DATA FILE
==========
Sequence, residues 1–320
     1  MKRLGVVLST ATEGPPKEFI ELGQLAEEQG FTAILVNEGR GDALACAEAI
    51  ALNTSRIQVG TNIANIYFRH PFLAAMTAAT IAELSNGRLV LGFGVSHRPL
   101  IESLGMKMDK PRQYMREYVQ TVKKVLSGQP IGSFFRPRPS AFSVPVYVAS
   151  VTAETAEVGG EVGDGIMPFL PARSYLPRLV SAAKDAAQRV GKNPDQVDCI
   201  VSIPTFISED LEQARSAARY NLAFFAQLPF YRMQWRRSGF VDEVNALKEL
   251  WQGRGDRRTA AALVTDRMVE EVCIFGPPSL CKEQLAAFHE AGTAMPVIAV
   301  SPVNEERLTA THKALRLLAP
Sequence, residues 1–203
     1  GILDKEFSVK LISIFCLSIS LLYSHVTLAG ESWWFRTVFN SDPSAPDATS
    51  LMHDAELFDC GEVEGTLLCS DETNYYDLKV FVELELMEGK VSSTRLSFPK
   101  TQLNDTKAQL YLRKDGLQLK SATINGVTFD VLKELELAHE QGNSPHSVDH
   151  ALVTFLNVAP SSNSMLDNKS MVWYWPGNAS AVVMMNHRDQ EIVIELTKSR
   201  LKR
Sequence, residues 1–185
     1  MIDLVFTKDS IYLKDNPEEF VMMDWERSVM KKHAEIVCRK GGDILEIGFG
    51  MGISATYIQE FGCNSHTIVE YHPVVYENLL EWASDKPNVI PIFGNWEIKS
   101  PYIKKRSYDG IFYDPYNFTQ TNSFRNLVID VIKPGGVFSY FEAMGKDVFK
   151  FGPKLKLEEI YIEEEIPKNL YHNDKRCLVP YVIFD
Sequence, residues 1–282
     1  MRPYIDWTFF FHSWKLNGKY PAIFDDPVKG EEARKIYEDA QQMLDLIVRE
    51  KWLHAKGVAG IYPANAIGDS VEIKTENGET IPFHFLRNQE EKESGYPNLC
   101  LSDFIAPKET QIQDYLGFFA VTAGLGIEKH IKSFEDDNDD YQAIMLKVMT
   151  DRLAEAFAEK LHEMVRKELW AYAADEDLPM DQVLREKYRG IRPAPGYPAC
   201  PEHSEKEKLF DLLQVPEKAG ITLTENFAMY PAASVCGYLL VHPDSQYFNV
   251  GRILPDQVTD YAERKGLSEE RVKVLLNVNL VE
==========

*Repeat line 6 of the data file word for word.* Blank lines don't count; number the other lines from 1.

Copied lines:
   201  VSIPTFISED LEQARSAARY NLAFFAQLPF YRMQWRRSGF VDEVNALKEL